Raymond G. Taylor
Author based in Kent, England. A writer of fictional short stories in a wide range of genres, he has been a non-fiction writer since the 1980s. Non-fiction subjects include art, history, technology, business, law, and the human condition.
The Earthenware Jar
It was the one item we were told never to touch. It stood there in its place of honor, an arched recess in the wall of the kitchen where we would sit and eat our breakfast during that long, hot summer. A brown, dirty-looking earthenware jar with a broken handle and glue marks showing around the mouth.
The Plumes of Enceladus
Deep within the cloudy mass of Saturn’s E ring is no place to discover your Ship Nav is failing. Our earlier approach had been nothing short of awe-inspiring. As we flew towards the swirling grey globe of the gas giant and its colossal rings, ‘we’ being the ship and me, I just sat in the pilot seat and stared and stared and stared. I knew I would never see anything quite like this again. Closer-up, it was a different story. What had been a vast bright bow of blue, stretching off into distant space either side of the ship, now become a dense cloud of microscopic ice particles, more gray than blue. It felt like we were trapped in a giant, ghostly snowstorm.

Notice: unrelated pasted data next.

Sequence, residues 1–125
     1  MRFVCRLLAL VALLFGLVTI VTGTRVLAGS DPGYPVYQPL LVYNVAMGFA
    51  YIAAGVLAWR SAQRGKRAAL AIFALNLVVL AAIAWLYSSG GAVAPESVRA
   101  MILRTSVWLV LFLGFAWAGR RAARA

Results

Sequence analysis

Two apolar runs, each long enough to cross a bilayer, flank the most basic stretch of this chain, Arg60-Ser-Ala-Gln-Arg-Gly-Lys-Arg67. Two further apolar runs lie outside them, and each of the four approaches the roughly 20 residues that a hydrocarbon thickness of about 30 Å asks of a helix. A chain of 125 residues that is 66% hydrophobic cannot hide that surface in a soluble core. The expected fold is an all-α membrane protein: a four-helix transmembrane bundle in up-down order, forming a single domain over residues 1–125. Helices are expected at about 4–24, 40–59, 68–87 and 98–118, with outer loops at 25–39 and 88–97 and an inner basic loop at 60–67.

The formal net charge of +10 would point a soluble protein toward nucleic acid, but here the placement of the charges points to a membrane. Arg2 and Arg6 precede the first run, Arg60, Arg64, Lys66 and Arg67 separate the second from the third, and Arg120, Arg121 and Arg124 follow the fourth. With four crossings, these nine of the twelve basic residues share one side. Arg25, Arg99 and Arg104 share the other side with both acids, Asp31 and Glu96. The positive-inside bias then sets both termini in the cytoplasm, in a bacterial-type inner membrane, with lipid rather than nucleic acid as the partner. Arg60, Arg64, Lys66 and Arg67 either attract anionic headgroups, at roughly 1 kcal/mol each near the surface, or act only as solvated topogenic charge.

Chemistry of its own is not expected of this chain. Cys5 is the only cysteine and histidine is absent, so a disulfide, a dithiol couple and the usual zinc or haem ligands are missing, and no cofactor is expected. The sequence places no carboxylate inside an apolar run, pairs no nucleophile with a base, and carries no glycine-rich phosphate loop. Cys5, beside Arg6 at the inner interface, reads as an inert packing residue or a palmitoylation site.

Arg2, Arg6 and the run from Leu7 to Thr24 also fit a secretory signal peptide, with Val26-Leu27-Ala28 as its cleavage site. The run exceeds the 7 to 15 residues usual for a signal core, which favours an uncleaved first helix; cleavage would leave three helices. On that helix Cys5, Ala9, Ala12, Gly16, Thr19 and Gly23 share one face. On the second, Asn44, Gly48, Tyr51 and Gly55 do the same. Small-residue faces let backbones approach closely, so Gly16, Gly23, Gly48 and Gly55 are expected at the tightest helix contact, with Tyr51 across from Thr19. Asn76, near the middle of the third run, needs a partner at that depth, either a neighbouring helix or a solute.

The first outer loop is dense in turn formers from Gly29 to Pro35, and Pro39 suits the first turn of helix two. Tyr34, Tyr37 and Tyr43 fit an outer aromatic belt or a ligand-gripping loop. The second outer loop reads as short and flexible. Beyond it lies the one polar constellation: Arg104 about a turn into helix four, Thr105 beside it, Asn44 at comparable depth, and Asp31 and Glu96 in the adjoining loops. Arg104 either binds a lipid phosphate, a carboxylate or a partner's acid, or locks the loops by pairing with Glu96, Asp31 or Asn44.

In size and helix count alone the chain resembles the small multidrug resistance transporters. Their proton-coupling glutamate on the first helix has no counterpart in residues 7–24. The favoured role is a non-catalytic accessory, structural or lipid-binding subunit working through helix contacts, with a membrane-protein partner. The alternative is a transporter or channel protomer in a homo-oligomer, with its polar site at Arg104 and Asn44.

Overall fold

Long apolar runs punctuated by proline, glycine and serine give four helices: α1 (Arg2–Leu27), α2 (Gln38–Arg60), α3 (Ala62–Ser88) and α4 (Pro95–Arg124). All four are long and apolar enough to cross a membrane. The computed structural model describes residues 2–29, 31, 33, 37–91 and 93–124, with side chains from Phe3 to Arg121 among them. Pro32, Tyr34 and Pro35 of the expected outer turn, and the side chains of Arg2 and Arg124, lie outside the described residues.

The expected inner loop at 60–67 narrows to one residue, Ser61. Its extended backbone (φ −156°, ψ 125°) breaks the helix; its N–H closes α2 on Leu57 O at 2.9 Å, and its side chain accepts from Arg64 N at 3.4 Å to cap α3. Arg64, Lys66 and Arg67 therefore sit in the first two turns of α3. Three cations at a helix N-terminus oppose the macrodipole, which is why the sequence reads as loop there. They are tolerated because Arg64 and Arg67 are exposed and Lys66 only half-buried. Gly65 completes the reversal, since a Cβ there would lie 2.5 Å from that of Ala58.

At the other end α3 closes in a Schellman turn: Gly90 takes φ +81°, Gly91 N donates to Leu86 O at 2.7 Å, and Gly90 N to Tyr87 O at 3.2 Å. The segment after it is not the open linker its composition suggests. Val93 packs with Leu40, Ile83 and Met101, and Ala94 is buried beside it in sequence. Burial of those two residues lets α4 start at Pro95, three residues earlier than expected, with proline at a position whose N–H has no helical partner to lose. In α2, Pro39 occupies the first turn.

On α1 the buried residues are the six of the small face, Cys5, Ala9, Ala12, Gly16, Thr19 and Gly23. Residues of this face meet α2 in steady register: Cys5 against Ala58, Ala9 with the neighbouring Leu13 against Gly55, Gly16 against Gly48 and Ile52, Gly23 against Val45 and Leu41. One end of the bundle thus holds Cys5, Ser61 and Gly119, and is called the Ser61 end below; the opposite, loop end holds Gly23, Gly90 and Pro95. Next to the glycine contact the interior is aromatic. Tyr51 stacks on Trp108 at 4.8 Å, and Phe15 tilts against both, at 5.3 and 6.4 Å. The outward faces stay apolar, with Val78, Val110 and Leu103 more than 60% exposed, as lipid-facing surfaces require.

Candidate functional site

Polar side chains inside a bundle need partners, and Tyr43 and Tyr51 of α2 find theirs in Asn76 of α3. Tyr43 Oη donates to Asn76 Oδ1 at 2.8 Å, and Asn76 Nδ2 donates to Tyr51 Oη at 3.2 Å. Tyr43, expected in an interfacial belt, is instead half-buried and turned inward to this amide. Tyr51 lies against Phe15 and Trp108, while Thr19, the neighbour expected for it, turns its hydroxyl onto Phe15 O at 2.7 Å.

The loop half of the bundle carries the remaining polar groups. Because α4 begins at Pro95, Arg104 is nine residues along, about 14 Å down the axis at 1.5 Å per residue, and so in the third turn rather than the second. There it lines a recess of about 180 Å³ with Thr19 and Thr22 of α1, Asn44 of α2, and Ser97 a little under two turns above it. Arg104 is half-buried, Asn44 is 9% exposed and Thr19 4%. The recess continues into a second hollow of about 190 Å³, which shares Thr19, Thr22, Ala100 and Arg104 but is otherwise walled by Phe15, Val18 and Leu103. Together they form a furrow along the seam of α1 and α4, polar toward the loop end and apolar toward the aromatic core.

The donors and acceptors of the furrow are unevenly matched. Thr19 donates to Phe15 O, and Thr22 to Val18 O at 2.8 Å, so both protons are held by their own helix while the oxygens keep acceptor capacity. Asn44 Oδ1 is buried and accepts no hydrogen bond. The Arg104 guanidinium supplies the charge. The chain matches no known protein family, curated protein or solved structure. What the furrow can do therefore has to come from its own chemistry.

A distant dream of love and loss
Sedna made the final approach, unaware of her proximity to the icy, rocky comet. Her solitary mission: the first comet walk in history. Suspended animation was necessary for the three-year flight, to preserve water and oxygen and protect the astronaut from the effects of isolation until she could be reawakened.
Joker Jones and the Asteroid
It could hardly be called an asteroid. Barely 150 meters at the widest and weighing in at a few thousand tons. A mere pebble in the Asteroid Belt, it had only been discovered and registered two years before. But it was his asteroid, ‘ZZTP0DxQ’ which he had named Asteroid Charlene.